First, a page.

An aerial of the Roe Highway Logistics Park site.
Developers behind the $500 million Roe Highway Logistics Park have announced the project will become carbon neutral after they were awarded $95 million in Federal finance to help it become greener.
Led by Hesperia, along with consortium partners Gibb Group and Fiveight, the estate is set to achieve lifetime carbon neutrality for development within two years.
In a sign of changing business attitudes, the announcement comes in the wake of a similar goal set by miner Andrew Forrest, who wants FMG operations to become carbon neutral within 10 years.
While the Roe Highway estate developers have long had a green focus, the finance from the Clean Energy Finance Corporation will turbocharge their initiatives, helping the park become one of the first carbon-neutral industrial estates in Australia.
Hesperia managing director Ben Lisle said the finance would be used to install low-carbon concrete in five warehouses to be built over the next 18 months and to extend solar energy power panels across the rooftops at the 56ha site.
The money could also be used in the potential export of power back to the South West Interconnected System, pending advances in battery storage and favourable State Government policies for exporters.
The park is set to generate 2MW of solar power across the development but Mr Lisle said it had the potential to create 17MW if it extended panels across all rooftops.
After feeding the estate’s own energy needs, a surplus 15MW could be exported back into the energy system to power up to 2500 homes.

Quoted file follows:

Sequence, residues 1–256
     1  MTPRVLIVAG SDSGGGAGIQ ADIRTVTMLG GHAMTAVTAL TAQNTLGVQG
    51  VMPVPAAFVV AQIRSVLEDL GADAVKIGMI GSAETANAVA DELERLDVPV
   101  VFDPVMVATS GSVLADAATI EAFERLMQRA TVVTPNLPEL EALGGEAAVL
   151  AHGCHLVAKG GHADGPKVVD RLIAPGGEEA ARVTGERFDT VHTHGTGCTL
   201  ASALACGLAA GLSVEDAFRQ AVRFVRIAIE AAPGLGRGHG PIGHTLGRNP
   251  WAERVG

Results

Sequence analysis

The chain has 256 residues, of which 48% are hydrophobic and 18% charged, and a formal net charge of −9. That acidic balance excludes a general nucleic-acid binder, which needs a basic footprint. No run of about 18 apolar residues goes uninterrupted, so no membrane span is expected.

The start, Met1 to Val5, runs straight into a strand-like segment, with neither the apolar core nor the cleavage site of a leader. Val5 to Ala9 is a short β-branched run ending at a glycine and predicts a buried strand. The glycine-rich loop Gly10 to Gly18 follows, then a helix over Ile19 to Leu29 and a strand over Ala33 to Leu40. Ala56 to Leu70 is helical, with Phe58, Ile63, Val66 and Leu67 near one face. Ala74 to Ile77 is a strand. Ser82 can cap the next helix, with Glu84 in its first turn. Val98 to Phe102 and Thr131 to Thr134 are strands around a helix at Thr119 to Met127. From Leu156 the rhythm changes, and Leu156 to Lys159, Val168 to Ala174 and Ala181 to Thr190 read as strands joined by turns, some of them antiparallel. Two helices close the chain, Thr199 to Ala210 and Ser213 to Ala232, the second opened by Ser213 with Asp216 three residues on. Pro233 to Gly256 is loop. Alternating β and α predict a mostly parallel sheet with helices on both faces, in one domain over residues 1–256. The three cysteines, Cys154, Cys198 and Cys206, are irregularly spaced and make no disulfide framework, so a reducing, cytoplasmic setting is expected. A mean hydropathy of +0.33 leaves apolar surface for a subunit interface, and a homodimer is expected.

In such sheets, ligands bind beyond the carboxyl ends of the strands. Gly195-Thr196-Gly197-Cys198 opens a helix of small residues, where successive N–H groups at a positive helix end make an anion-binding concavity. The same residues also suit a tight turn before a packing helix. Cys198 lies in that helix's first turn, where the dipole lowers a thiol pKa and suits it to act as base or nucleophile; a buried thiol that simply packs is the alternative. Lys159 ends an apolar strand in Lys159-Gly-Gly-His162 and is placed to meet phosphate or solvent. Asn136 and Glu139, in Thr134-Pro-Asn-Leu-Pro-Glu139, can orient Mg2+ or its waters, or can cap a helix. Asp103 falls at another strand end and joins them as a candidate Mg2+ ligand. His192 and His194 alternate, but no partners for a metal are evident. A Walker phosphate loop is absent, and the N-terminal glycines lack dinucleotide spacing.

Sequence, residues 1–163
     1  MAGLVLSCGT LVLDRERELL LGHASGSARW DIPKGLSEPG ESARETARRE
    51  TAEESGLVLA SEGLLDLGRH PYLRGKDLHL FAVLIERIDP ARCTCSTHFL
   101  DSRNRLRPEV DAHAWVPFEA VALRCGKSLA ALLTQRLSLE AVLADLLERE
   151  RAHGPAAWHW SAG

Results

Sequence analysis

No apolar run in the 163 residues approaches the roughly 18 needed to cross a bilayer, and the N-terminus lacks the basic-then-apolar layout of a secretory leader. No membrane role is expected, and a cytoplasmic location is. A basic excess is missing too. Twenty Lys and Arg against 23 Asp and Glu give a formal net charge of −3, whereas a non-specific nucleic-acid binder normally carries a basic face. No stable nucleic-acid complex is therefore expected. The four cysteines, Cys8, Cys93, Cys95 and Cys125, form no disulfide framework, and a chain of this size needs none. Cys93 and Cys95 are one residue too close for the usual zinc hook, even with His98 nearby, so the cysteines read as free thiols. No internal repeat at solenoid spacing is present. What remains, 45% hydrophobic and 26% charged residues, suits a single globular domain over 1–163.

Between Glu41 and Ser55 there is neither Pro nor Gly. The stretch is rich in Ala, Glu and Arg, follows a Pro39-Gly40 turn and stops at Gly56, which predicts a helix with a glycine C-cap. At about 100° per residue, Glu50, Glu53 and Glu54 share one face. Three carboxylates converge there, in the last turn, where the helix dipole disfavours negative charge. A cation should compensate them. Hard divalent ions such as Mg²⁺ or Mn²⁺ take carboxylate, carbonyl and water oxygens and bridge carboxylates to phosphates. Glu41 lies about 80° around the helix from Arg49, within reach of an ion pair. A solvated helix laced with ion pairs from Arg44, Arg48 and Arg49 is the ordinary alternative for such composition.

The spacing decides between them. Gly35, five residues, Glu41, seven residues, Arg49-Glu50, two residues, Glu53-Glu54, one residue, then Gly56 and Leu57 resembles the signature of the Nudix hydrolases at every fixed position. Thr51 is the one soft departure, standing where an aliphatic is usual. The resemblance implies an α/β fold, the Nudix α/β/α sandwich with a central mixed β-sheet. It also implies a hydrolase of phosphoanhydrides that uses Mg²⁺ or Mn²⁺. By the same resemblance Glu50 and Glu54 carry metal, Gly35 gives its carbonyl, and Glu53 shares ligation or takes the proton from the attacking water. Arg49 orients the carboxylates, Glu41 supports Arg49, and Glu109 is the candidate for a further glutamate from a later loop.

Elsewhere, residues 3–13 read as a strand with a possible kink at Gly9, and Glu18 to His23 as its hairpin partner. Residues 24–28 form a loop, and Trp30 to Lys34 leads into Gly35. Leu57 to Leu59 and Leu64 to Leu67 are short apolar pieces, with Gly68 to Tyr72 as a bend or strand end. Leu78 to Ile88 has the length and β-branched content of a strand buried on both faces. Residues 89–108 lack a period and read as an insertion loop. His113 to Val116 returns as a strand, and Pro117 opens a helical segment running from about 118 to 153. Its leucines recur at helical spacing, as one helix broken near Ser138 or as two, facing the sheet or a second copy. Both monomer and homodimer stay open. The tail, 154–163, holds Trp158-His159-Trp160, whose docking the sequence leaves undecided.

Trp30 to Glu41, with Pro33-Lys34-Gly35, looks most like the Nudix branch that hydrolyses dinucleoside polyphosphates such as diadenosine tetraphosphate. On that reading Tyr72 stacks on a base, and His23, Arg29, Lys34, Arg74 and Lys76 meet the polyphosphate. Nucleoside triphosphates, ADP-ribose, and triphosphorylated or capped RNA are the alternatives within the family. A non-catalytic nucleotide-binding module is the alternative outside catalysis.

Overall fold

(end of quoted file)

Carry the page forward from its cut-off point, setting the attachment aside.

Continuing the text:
“We see this as a way businesses should be behaving going forward,” Mr Lisle said.
“We are all concerned about climate change and we are personally willing to do whatever we can to address the problem.”
“This is important to our staff, and business owners at the estate, and increasingly important to consumers.”
He clarified that the strategy was not intended to address the carbon footprint in the broader operations of individual tenants, which include Sandvik, CHEP, Silk, Northline, KTrans, and Expro, but to ensure the estate operated in an environmentally friendly way. A big part of this includes reductions in heating and cooling, which is being addressed partly through the planting of more than 4000 native trees.
The estate also had stormwater management and wastewater recycling strategies, double glazing and specialist insulation, low-energy lighting and grid-friendly technology such as smart inverters and smart metering.
Launched in early 2019, the estate is currently 75 per cent committed, with key opportunities remaining at two large sites adjacent to the WA Government’s new Kenwick rail freight facility.